According to this interpretation, the stairway represents ascendancy to power and world domination, and the angels represent the different nations.  Each nation rises to power for a period represented by the number of steps its angel climbs up the stairway (Babylon ruled for seventy years) and then declines and is replaced by a new world power.  Babylon gives way to Media (Persia), Persia to Greece, and Greece succumbs to Edom (Rome).  Jacob's vision is actually a prophecy of the future rise and fall of empires.  How does this relate to Jacob and his current circumstances? 

 

            The Ramban explains that God "showed Jacob that whatever is done on earth is effected by means of the angels, and everything is by His decree...  He further showed Jacob that He stands above the ladder and promises that Jacob will not be under the power of the angels, but he will be God's portion, and that He will always be with him ..."  God assures Jacob that He will watch over him while in exile and although Esau might temporarily have the upper hand, he will eventually fall.  Interestingly, Edom is the only empire which is described as ascending the ladder but not descending it.  Why is this? 

 

            We should remember that this homiletical interpretation was written during the time of our sages while the Roman Empire still controlled Israel.  The sages interpreted the struggle between Jacob and Esau as symbolic of the conflict between Israel and the Roman Empire.  The midrash was written with the belief and the anticipation of the impending downfall of the Romans.

 

            All three interpretations cited so far are midrashim belonging to the homiletical school of interpretation.  The connection between their interpretations and the symbols in Jacob's dream are relatively remote.  The stairway in the vision is invested with symbolic significance far beyond a stairway connecting heaven and earth.  It represents either the Temple Mount, or Mount Sinai, or the power and control over the world invested in the hands of the different nations.  We will now analyze some of the 'peshat' interpretations (simpler, non-homiletical interpretations).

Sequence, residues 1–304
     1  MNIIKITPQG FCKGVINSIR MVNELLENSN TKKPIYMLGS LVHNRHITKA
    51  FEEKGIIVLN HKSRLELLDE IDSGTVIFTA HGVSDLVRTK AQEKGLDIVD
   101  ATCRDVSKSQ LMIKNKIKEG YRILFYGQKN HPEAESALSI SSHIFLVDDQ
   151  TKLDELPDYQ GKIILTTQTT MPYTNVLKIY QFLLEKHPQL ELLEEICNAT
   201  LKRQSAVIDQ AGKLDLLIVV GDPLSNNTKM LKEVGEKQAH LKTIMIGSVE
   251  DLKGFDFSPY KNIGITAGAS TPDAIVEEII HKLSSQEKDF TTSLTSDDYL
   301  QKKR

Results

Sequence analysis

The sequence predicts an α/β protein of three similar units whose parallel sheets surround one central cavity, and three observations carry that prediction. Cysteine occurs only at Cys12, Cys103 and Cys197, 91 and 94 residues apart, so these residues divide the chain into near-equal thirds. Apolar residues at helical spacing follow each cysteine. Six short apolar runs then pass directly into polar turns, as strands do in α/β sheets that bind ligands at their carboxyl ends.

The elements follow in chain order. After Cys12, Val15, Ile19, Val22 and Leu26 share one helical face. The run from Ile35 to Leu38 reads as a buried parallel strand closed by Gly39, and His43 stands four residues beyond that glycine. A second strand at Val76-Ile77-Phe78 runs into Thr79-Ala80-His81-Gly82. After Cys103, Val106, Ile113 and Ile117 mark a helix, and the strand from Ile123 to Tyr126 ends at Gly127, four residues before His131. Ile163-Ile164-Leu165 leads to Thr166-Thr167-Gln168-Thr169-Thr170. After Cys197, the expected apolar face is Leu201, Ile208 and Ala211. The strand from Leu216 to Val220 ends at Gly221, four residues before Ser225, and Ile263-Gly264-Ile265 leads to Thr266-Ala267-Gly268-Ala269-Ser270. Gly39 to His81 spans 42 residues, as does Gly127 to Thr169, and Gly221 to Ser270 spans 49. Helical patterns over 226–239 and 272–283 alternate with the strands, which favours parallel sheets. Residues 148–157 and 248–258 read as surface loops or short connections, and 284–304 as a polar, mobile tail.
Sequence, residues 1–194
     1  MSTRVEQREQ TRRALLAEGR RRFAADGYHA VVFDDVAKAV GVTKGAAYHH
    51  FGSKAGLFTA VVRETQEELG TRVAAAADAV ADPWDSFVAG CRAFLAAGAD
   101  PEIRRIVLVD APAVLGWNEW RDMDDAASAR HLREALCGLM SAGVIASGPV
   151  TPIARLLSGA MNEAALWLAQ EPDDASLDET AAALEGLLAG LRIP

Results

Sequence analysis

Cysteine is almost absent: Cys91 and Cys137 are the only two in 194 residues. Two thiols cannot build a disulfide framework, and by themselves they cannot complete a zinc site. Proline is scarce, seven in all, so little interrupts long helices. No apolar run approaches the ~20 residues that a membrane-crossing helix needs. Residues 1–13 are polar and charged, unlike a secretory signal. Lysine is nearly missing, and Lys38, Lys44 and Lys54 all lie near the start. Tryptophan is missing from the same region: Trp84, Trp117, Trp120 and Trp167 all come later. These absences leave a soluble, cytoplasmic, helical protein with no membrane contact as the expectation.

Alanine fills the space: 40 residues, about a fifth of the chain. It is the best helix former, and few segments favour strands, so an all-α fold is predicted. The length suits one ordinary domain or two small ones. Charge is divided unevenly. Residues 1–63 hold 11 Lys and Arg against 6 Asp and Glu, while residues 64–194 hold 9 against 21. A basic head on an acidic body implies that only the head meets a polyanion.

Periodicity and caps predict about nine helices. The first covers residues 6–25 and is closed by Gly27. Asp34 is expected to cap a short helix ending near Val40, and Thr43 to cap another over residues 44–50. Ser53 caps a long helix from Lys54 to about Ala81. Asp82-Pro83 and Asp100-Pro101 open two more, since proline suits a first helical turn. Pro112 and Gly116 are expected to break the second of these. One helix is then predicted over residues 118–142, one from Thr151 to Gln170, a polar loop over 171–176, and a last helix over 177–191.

Rashi expounds Jacob's vision as follows.  The Torah states that the angels first ascend and then descend, counter to our expectation that the angels first descend to the world from heaven.  Rashi therefore explains that "the angels that accompanied him in the land of Israel do not leave Israel, so they ascended to the heavens. Then the angels of exile descended to accompany him."

 

            According to this interpretation, the angels and the stairway are interpreted literally, as angels and as the stairway to heaven.  The challenges and dangers endemic to Diaspora existence are substantially different from those in Israel.  Hence, the protection and overseeing required in Diaspora are different and are therefore performed by different angels.  God informs Jacob that his departure from Israel does not deprive him of divine overseeing.  God will escort Jacob even while in a foreign land, in the house of Laban.

 

            Rabbi David Zvi Hoffman (Germany, 1843-1921) interprets differently.  He explains that God revealed to Jacob the stairway which connects the earth to heaven in order to challenge Jacob. This stairway is the path to perfection, to approaching God.  The key to ascending this stairway is the keeping of the commandments and the performance of God's will.  Jacob's situation is deteriorating.  He is running for his life and must depart from the chosen land.  In this woeful state God appears to Jacob and shows him the path to his future success.  Jacob can still triumph over his brother Esau; he must only ascend the stairway of righteousness and perfection.  The ascension of this stairway will make him worthy of continuing Abraham's covenant and inheriting the land of Israel.  To improve his situation; he must only ascend the 'stairway to heaven.'